From campgrounds to concrete

Fifteen-year-olds from Camp Newman learned two things about environmental activism Monday, Aug. 6 in San Francisco.

It’s important.

And it’s hard.

“Last year, it was easy to get people’s attention — everyone has an opinion on immigration,” said Ethan Karl, of Hillsborough, regarding last summer’s social action theme. “This year, it’s harder. People are tired of hearing about the environment, or they think it’s not their problem.”

Karl was one of about 40 teens who spent the day Monday, Aug. 6, in San Francisco, visiting with representatives from Sen. Barbara Boxer’s office, the city’s Department of the Environment and the Department of Water Conservation. The field trip marked the culmination of a social-action-oriented session at camp, called Hevrah, which every year has a different focus. This year, campers concentrated on the environment.

For most of the summer, teens focused on their camp community. They built trails, planted a garden, painted a mural and expanded the camp’s recycling program.

“Yes, they can change things at camp, but today is about showing them they can also teach and change other communities,” said Jordana Chernow-Reader, the head of the Hevrah program.

Chernow-Reader, a rabbinical student at Hebrew Union College, was a Hevrah camper in 1991. She remembers it as her favorite summer at camp.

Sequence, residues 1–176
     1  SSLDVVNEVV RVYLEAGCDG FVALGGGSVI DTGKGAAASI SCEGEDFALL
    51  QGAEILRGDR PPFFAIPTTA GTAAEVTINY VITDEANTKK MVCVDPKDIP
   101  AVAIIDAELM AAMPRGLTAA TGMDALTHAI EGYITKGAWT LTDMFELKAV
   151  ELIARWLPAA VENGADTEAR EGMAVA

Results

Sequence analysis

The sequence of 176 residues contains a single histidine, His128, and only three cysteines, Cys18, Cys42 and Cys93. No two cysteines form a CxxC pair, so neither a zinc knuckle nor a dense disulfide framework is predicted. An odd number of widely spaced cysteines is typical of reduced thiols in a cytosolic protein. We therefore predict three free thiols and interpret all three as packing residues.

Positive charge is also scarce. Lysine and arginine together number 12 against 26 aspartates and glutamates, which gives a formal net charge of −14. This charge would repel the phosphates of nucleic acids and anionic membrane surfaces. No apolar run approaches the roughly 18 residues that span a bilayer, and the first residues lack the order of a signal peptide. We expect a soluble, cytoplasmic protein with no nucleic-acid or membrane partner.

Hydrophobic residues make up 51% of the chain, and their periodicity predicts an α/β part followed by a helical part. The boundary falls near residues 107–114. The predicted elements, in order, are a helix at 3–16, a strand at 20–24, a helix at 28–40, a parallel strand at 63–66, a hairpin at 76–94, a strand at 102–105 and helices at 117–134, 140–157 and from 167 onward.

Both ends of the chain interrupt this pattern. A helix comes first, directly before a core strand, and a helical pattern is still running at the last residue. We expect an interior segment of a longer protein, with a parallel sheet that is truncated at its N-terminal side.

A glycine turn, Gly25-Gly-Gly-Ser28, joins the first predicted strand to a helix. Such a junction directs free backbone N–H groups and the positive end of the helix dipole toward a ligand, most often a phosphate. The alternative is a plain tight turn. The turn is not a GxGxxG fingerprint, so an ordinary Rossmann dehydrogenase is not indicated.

“The experience teaches teens that in whatever issue they’re passionate about, they can change things,” she said.

Some of the participants prepared a skit about the environment (calling it Guerilla Theater), donning black trash bags and creating a rhythm section with blue recycling bins and aluminum cans. Meanwhile, other teens passed out fliers and pledge cards they had made at camp.

Karl’s realistic attitude didn’t stop him from approaching people downtown during their lunch breaks, determined to teach passers-by a piece of what he learned during his three-week camp session.

He stopped an elderly man in a plaid shirt, blue windbreaker and high-waisted brown pants.

“It would mean a lot to me if you would sign this,” Karl said, then thrust a quarter-sheet of paper into the man’s hand. The sheet encouraged people to pledge they would turn off lights when they’re not in a room.

“I already do that,” the man said. They spoke for another few minutes about neighbors who wastefully water their lawns and concluded with a firm handshake. Karl walked back his friends, smiling. They, on the other hand, looked discouraged.

“You just gotta keep trying,” Jeremy Gimbel, a counselor from San Diego, reassured them. “If you’re able to get just one person, that feels awesome.”

Stacey Palevsky

Stacey Palevsky is a former J. staff writer.